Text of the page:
Many digital marketers probably have three dates marked on their May calendars: Mothers’ Day, Memorial Day and Google I/O.
This year, the world’s largest search engine held its annual developer conference May 7–9 in the usual Mountain View spot. Some of the biggest talkings points included new and more affordable Google hardware, privacy (no big surprise there), Android Q (which has Dark Mode), and voice-assistant advances.
But one thing that really caught our attention was the search engine’s release of an interesting new feature.
And that’s where we’ll kick off this edition of the Content Marketer Weekly:
It’s exactly what it sounds like: Playable podcast episodes now load in Google search results. Here’s what it looks like in SERP form:
Unfortunately Google left out the iconic ATF podcast image.
Clicking the “play” icon navigates users to a new page with a “podcasts.google.com” domain (despite listing the Apple domain in the SERP). Here’s what that looks like on desktop:
Google representative Zack Reneau-Wedeen calls this “a step toward making audio a first-class citizen across Google.” In a way, it’s good news for podcast producers. The 60 million or so weekly podcast listeners can more easily find and trial new shows through a simple search.
However, podcast traffic that might otherwise go to a website is now more likely go to Google Podcast since it’s at the top of search results. A listen is still a listen for podcasters, so this isn’t necessarily detrimental to exposure.
Still, it’s sneaky on Google’s part, which seems to be using its search engine muscle to promote its own podcast app.
In fact, the BBC actually pulled all of its podcasts from Google’s platform back in March, arguing that Google prioritizing its own platform “reduces people’s choice — an approach that the BBC is not comfortable with,” adding, “we want our content and services to be available to as many people as possible and we make these available for free on a range of third-party apps.”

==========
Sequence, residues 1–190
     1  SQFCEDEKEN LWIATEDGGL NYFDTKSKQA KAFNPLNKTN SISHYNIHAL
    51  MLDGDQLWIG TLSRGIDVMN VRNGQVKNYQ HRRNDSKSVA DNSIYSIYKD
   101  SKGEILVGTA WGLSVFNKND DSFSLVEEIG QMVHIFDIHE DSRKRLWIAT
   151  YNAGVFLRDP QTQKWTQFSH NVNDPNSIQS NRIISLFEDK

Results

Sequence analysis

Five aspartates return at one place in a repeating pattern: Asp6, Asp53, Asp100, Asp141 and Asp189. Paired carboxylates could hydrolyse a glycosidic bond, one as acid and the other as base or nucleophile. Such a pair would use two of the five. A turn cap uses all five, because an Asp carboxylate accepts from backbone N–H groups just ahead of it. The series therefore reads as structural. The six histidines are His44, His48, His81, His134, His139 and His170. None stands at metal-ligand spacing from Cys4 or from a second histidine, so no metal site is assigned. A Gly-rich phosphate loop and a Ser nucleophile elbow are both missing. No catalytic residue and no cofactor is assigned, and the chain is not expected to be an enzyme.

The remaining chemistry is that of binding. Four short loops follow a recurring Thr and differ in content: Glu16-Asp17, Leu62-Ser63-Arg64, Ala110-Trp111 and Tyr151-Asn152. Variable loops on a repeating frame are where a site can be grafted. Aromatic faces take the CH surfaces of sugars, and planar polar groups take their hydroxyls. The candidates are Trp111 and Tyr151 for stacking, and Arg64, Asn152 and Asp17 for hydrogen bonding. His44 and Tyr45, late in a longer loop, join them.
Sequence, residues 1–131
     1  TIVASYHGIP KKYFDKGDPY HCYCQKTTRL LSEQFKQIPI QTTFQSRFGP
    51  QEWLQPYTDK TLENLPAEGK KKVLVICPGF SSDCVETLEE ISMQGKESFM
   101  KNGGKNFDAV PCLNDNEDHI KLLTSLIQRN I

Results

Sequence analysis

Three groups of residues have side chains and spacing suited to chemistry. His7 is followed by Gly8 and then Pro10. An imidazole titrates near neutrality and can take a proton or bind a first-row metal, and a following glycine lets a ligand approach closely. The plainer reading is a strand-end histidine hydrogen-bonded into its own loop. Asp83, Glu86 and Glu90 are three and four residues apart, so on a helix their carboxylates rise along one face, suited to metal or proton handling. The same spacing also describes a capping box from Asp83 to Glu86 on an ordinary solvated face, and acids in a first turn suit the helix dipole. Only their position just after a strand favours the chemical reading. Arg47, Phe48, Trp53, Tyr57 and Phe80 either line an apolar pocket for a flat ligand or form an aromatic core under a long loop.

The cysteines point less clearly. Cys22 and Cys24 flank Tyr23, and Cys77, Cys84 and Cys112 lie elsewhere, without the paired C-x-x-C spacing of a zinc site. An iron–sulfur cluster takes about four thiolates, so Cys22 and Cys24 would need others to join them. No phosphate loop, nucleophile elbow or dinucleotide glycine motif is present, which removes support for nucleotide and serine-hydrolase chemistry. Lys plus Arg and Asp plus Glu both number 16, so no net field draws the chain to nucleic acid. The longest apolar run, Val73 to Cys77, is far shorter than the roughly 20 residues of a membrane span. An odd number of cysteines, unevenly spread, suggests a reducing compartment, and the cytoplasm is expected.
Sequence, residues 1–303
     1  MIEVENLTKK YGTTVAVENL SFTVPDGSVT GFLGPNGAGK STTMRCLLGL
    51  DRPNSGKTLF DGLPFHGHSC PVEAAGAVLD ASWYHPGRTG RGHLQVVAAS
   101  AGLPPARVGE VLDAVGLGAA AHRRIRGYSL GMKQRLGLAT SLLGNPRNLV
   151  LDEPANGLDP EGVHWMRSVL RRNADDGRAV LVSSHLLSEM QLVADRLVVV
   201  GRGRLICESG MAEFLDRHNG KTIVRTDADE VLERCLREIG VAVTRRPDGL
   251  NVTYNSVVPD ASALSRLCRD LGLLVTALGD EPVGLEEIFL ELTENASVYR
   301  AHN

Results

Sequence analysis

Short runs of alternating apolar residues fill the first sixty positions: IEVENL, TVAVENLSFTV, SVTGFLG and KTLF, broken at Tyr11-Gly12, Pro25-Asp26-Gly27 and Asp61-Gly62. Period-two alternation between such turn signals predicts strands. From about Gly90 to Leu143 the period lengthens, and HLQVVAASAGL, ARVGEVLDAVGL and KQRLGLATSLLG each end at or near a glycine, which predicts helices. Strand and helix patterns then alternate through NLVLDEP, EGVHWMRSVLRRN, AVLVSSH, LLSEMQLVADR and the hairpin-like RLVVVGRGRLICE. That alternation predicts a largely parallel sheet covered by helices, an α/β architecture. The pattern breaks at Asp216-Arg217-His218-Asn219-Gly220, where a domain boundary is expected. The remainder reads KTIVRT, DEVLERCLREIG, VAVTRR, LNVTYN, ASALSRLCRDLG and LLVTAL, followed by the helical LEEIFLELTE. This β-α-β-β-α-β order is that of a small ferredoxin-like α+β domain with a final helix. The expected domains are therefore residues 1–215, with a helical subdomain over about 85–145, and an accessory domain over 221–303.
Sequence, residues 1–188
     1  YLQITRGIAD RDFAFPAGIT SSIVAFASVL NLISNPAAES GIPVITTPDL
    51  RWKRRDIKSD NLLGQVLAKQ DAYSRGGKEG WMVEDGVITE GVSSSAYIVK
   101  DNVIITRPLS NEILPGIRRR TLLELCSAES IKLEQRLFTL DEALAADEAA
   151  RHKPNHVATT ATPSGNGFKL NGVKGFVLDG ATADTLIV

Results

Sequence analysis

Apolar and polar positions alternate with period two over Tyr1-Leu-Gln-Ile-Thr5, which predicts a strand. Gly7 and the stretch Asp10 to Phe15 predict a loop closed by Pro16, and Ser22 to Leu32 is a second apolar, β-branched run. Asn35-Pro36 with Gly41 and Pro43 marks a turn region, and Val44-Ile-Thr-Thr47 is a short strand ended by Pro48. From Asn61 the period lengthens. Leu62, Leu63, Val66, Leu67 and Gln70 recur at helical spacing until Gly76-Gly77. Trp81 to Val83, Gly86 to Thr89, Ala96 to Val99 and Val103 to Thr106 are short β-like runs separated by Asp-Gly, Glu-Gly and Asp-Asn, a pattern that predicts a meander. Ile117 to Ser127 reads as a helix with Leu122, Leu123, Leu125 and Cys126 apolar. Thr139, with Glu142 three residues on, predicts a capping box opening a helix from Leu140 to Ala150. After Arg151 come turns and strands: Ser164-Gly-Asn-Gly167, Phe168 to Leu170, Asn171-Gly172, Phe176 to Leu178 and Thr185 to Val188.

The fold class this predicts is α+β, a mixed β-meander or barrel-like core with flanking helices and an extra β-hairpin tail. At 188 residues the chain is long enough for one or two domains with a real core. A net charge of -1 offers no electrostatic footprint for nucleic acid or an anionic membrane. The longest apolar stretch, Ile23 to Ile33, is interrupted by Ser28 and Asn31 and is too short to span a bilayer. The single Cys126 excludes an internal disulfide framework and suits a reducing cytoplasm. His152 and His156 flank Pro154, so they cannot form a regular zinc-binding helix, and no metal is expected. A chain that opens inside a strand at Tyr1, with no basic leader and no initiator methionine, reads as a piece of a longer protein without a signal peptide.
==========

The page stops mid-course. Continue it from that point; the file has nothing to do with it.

Google Podcast was only just released in 2018, and has since struggled to compete with Apple’s dedicated Podcast app, which has been around since 2012.
I suppose this may be yet another example of Google being sort of evil and making things easier for users at the same time.
Read Search Engine Land’s report here.
Speaking of being evil, Facebook was in the news again, but this time for launching three new features to help make more capabilities available to small businesses. The tools come just in time for National Small Business Week, which was held May 5–11.
Ghostbusters is Brafton’s favorite small business.
Facebook’s new SMB-friendly tools include:
- Automated ads: User answers “a few simple questions,” and Facebook then creates six versions of an ad to run on Facebook, Instagram, Messenger and Audience Network. The feature also makes budget recommendations, provides alerts and more.
- Appointment booking: Makes it easier to accept appointments online, add hours of availability, send reminders to customers via Messenger or SMS, and more.
- Video editing: Enables automatic cropping, video trimming, and image and text overlays. The new tool is accessible via “Ads Manager.”
Read more about Facebook’s new SMB-centric tools at Search Engine Journal.
In case you missed it, the CMS that powers a third of the web released version 5.2 last week. If you haven’t already updated to the most recent version of WordPress, you really should.
First and foremost, 5.2 introduces key security features like cryptographically-signed updates. Without getting into the tech of it, this is a complex handshake that verifies whether or not a package claiming to be a WordPress update is corrupted with malware.
Version 5.2 also built on the Site Health suite introduced in 5.1 with the Site Health Check feature; the two new pages are designed to debug common configuration issues and add debugging information for site managers. Other core features introduced in the new version include:
- PHP Error Protection, which helps site administrators address fatal errors with fewer developer resources
- General updates that include new dashboard icons, accessibility updates, plugin compatibility checks and more.
- Various new developer resources.
You can update to the new version of WordPress via Dashboard > Updates.